1234

'Arthritis risk' for middle-aged exercise addicts (Read 679 times)

skygazer


     

    Huh.  I know cyclists generally have lower bone density than runners, since cycling is not weight-bearing (and it's a BIG reason why I still run in some capacity, instead of dedicating all of my workout time to the bike).  This is the case for swimmers, as well.  But are they comparing cyclists to the typical mostly sedentary person?  I can't imagine how an active cyclist could have lower bone density than a sofa-surfer.

     

    Yep. Compared to regular sofa-surfers, cyclists have low bone density. Most sofa-surfers are heavy, with avg BMI >30. Competitive cyclists, while may be more muscular than competitive runners, have to stay reasonably lean. With same BMI, I'd say cyclists may have an edge over sofa surfers.

     

    BTW2, from an academic study I read, young female "endurance" athletes (endurance athletes tend to be lean compared to those in other sports that rely more on power for performance) tend to have early stage of osteoporosis even if they are not under weight. And the link may lie in the low body fat.

      Uhmmm, do you think your running cause the arthritis in your fingers?

       

       

      No.  However having too much body fat might.  People who are obese are also more likely to have hand OA (as well as OA in other joints) most likely due to a tie-in with metabolic syndrome and the inflammatory factors released by fat cells.  So whatever your opinion on running and OA of the knee, hip, ankle or spinal degeneration (I vote for running not being a major risk factor) I would say that exercise of some form (running included), healthy diet and weight management/body fat management will help the hand as well as the other joints.

      Being bedridden causes the cartilage of your joints to thin...a hallmark of OA.  Cartilage needs stimulation in the form of mechanical loading in order for the cells in it to make all the components of cartilage.  Running can provide that stimulation (and, like Zoom Zoom said it can also provide the loading necessary to help prevent osteoporosis by stimulating bone cell activity).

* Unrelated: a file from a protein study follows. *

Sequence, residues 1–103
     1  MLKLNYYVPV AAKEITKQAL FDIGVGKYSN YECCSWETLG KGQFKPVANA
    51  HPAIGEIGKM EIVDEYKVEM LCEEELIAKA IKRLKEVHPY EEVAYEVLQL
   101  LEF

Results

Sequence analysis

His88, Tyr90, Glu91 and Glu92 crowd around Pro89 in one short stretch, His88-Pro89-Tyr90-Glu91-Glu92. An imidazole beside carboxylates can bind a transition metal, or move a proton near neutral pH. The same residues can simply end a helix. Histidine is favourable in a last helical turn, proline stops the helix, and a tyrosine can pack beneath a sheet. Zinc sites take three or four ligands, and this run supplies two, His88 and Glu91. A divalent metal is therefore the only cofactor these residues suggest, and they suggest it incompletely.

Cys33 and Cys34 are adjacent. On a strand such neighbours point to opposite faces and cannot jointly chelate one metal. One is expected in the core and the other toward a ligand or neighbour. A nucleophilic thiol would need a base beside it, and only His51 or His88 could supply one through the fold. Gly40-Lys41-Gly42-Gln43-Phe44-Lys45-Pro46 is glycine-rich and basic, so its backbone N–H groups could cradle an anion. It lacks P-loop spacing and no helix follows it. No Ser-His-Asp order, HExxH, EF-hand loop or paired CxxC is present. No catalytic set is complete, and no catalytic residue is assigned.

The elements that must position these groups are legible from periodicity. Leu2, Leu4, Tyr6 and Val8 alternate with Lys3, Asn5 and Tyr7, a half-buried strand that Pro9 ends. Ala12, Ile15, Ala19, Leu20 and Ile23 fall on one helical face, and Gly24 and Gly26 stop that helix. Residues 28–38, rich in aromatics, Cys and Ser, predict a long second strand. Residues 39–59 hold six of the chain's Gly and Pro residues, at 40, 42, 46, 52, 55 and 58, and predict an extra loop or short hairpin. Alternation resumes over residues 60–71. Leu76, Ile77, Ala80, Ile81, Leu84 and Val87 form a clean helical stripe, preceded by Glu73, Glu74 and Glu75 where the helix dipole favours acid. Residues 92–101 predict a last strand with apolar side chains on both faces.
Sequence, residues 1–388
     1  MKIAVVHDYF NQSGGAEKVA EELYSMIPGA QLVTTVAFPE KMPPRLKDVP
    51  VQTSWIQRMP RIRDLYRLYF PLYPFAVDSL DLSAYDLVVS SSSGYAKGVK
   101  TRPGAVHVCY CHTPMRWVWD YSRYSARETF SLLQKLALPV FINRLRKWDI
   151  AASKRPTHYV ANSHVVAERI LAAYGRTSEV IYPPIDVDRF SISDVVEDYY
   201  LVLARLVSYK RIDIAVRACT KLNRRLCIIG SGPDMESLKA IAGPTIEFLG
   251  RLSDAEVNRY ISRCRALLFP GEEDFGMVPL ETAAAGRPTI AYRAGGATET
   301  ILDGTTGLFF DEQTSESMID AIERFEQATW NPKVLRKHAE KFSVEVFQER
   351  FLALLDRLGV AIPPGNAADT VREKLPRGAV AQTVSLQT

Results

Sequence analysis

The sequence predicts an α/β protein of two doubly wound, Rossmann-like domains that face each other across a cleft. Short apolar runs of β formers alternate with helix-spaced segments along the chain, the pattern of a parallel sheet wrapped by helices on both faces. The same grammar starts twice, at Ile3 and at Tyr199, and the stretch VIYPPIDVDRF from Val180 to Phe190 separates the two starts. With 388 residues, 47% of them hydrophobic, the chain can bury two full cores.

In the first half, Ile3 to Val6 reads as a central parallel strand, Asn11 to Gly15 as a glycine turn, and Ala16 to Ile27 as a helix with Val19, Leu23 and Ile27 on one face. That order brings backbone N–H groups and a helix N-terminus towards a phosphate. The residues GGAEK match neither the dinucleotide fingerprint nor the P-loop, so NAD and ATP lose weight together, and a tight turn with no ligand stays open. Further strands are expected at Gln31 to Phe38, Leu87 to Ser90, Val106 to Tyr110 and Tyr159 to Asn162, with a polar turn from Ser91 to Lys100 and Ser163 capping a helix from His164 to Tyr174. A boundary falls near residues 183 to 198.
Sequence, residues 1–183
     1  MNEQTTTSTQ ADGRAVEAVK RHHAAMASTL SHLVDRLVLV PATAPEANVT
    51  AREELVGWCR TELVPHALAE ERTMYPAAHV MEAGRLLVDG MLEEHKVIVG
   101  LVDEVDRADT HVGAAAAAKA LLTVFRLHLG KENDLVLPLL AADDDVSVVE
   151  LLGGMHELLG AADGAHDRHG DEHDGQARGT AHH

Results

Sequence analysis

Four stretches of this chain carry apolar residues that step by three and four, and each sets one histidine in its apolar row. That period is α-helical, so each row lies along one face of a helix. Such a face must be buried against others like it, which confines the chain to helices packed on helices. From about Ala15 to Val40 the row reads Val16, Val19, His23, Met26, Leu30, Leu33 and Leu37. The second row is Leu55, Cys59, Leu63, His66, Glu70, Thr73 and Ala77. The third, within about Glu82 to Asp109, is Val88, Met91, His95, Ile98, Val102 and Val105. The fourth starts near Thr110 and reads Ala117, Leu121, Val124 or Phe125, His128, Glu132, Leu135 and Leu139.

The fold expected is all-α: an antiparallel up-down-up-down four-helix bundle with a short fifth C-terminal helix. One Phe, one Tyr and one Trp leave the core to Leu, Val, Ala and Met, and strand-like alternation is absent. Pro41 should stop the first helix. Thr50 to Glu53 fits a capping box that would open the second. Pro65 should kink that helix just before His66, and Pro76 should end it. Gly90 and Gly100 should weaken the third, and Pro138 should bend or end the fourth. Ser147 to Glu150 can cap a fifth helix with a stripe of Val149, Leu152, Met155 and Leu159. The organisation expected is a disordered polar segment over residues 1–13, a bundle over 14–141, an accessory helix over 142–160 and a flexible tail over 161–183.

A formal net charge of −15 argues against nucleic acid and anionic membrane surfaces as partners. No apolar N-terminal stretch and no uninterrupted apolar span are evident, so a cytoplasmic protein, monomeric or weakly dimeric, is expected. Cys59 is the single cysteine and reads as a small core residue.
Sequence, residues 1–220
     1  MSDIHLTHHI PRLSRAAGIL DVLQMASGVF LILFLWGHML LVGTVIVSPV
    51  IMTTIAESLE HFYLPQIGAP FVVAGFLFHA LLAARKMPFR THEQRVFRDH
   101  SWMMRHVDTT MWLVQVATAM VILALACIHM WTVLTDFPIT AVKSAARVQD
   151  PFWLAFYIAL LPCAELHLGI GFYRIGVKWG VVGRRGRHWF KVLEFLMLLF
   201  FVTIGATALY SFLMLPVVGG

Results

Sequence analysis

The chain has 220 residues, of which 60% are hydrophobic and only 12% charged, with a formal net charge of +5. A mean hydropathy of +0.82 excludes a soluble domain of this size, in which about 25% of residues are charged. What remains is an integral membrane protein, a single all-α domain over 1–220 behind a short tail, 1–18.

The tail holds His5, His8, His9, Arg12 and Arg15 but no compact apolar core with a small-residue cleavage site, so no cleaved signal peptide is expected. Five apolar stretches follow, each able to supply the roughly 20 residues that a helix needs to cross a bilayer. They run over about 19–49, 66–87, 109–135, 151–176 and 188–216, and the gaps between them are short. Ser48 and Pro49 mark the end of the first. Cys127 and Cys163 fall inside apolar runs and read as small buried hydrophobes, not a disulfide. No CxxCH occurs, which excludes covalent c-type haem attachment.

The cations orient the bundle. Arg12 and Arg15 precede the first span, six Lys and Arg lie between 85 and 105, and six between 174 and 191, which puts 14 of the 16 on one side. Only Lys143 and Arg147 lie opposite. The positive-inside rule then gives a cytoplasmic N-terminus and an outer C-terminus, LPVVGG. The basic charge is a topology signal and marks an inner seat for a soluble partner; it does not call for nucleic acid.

"Don't walk in front of me; I may not follow.  Don't walk behind me; I may not lead.  Just walk beside me and be my friend."

        Uhmmm, do you think your running cause the arthritis in your fingers?

         

        Maybe too much running forum-surfing and not enough running?

         

        I think that people that develop knee or hip or sometimes foot problems that can be attributed to running probably have significant running form deficiencies.  I see it so often out on the trails and roads - this horrible splaying out of legs/feet/elbows.  I think those types of runners are almost guaranteed to develop some kind of skeletal injury if they run a lot of miles.  Am I totally off-base here?  It seems that the long-term runners usually have a very small degree of what would be considered form problems.  Don't know that you can really correct this, maybe you're just born to be a runner or you're not?

        beachrun


          Uhmmm, do you think your running cause the arthritis in your fingers?

           

          I mean, obviously your other joints that you use for running have no sign of arthritis but the finger joints that you don't use for running do, and you're thinking you should switch to a different exercise to protect those good joints from getting bad? Regardless what the science you read says about arthritis, I'd say you're doing okay for the knees so far.

           

          BTW, I read from an NYT article that says (competitive) bikers have lower bone density and tend to fracture their bones than the normal population.

           

          Well, my finger joints start to get a little sore after some heavy work.  I work with my hands for a living and after a long day of tool use I start to feel it.  And it is mostly in my right hand, which gets the bulk of the use and it really is pretty minor. But your point is taken....it is just as likely that the arthritis would be there regardless and only gets noticed when those joints are under stress.

           

          The other thing is that I've only been running for four years.  Before that I was a biker and hiker only.   I wonder if the signs of arthritis (x ray, slight ache and crinkling sounds) in the neck are from biking.  Between the mt bike and the hunched-over road bike position and holding the head up it probably put some heavy pressure on the discs there.

           

          I went for a run today after a too long break.  Did six miles through the woods.  I took it slow but it felt great.  My knees feel fine.  My brain is much much happier.  I smiled.  I like it too much to give it up on such shaky science.  Hearing the stories here about how it helps them helps me with the decision to just keep going.  Thanks all.  I think I'll just look for a well cushioned trail shoe.  I have been running in very minimal trail shoes (Innov8  184? Talons)

             

            Maybe too much running forum-surfing and not enough running?